Hartley kicks off fast-paced camp
CALGARY, AB -- Head coach Bob Hartley wasted no time officially introducing himself to his players Sunday, putting members of the Calgary Flames through an upbeat practice on the opening day of training camp.
The session, which ran for the better part of two hours, featured a heavy dose of skating, puck drills and player battles as the Flames hit the ice for the first time as a complete unit.
Though many players had been taking part in informal skates before the conclusion of the lockout, Blair Jones admitted he was both anxious and a little nervous for the opening on-ice session of camp.
“I was a little bit worried as is anyone at the first game of camp, be it in January or September,” he said. “You’re always concerned about how you’re going to feel but I think for me personally, the lungs felt pretty good. I’m just going to regroup and get ready for tomorrow.”
Despite new faces running the practice, Flames forward Alex Tanguay had an inclination as to what to expect out of Hartley. He played under Calgary’s new coach as a member of the Colorado Avalanche for three full years starting in 1999 and extending into the 2002-03 season.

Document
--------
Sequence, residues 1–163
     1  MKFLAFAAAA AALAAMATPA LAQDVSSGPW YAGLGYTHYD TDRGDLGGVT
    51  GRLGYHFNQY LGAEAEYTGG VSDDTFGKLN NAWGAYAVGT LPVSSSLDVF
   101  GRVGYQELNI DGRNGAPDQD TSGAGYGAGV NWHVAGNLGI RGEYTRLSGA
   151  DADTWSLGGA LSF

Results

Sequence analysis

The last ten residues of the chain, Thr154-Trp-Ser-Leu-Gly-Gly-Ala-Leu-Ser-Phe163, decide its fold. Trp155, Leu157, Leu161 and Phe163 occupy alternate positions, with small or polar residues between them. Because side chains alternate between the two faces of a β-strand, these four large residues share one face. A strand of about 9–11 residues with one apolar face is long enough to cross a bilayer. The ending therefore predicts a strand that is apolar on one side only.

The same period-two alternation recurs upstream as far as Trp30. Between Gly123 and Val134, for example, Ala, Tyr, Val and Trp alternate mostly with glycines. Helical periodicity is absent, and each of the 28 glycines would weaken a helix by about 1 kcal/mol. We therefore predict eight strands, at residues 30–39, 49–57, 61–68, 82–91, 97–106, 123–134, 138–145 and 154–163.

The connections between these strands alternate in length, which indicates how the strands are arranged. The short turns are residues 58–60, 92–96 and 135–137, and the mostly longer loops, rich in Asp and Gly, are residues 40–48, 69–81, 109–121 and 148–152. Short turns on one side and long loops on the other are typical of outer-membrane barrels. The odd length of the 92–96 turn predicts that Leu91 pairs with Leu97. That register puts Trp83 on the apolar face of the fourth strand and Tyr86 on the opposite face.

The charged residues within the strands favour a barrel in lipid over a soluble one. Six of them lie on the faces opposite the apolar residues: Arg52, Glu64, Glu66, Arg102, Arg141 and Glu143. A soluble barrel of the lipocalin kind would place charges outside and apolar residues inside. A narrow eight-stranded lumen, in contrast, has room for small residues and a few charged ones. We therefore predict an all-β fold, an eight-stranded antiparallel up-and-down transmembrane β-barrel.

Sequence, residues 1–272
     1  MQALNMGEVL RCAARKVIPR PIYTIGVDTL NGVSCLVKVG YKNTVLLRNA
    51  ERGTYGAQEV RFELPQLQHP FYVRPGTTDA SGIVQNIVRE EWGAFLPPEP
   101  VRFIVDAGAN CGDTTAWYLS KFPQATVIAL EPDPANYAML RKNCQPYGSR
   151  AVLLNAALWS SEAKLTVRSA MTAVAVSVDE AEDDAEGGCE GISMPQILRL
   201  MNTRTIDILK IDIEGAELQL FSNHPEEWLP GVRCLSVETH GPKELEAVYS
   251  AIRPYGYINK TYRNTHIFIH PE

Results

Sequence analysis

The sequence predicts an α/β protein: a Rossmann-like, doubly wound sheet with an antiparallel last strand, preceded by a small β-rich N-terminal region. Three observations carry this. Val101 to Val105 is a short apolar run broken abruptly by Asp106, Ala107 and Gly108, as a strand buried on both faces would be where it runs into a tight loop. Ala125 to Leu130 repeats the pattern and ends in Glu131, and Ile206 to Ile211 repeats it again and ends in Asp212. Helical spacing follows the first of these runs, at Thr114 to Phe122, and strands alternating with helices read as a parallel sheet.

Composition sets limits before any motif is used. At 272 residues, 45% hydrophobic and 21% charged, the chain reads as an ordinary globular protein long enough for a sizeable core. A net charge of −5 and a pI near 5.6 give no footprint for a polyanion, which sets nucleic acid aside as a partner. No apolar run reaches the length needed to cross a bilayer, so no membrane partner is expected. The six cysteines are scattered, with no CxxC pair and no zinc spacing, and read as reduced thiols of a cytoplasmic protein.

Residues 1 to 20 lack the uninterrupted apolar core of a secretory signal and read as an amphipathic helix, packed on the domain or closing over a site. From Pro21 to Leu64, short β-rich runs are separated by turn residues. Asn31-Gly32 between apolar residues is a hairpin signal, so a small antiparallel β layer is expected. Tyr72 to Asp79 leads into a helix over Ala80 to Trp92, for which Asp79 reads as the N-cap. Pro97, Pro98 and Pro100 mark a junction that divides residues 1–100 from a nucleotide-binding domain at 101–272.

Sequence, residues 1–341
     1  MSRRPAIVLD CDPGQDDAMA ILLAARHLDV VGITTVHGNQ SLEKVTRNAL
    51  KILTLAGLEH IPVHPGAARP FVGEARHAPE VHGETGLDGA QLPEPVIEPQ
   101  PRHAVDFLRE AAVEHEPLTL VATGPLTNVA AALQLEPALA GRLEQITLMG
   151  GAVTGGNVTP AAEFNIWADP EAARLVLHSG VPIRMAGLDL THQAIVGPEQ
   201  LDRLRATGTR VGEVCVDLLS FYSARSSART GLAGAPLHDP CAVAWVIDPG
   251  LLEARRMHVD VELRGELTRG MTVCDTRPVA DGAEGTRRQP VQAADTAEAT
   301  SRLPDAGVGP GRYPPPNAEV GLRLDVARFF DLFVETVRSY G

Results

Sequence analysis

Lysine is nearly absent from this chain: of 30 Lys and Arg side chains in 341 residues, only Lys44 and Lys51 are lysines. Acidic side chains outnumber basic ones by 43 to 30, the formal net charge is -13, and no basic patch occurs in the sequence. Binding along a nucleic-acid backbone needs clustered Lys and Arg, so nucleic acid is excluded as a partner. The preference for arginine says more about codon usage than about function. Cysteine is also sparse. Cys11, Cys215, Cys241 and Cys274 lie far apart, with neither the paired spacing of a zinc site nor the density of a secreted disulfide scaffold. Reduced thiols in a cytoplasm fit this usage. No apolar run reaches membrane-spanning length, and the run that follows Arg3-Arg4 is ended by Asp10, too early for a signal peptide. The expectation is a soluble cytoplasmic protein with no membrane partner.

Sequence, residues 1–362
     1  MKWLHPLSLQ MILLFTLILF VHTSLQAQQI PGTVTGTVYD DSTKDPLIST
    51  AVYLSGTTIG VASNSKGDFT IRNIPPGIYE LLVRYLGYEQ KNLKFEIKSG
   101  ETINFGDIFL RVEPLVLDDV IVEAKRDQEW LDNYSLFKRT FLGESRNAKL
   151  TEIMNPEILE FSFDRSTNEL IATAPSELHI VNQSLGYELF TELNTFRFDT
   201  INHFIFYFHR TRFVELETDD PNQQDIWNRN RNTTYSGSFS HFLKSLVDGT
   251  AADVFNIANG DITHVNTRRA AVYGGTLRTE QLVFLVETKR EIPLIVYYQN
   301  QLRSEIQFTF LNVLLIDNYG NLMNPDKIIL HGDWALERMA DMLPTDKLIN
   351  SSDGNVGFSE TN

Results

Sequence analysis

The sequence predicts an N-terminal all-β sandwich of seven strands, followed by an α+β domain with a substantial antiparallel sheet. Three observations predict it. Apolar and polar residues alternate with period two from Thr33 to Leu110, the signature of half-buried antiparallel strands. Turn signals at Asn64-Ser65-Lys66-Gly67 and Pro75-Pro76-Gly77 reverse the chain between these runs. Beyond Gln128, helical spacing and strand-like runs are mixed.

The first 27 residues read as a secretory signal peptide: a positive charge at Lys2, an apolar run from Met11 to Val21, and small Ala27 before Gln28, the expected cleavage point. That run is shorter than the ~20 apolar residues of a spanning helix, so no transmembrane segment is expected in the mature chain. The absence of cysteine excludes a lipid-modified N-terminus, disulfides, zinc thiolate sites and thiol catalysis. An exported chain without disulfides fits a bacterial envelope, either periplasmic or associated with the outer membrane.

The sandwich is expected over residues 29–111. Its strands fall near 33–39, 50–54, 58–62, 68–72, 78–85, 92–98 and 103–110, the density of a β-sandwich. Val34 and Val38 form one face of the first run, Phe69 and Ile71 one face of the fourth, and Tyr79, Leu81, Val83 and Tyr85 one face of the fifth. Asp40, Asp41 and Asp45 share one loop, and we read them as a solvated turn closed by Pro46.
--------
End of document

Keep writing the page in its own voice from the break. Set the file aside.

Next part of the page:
Tanguay, who won a Stanley Cup Championship with Hartley at the helm in 2001, was happy to not only get back on the ice, but also re-familiarize himself with his coach’s regiment.
“It’s fun to get going, get your timing in the corners and stuff like that,” Tanguay said. “When we were skating at Winsport the guys weren’t coming at you so hard in the corner. There’s a little adjustment. I’ve seen those practices before and they’re exactly like I remembered.”
Practices that defenceman TJ Brodie will have to adjust to.
After spending 54 games in Calgary last season, Brodie was a member of the Abbotsford Heat during the NHL work stoppage – the Flames AHL affiliate. Needless to say, the pace has picked up for the fourth round pick from the 2008 NHL Entry Draft.
“It was fast,” said Brodie, who had 14 points in 54 games for the Flames last season. “It’s a different style of practice than we had down there. It was more up-tempo and it was definitely a good workout.”
It’s a speed Brodie can expect to get used to should he crack Calgary’s roster. Hartley insisted the speed would be more of the same throughout the rest of training camp and into the regular season.
“That’s going to be the daily routine,” he said. “Obviously today we went about an hour 45. During regular season, we step on the ice for 10 minutes, we step on the ice for 30 minutes, its going to be the time of business. If we go on the ice to drag our feet, we might as well stay in the locker room and watch TV.”
And with the start of the 2013 season rapidly approaching, Hartley’s fast-paced practices won’t be slowing down anytime soon.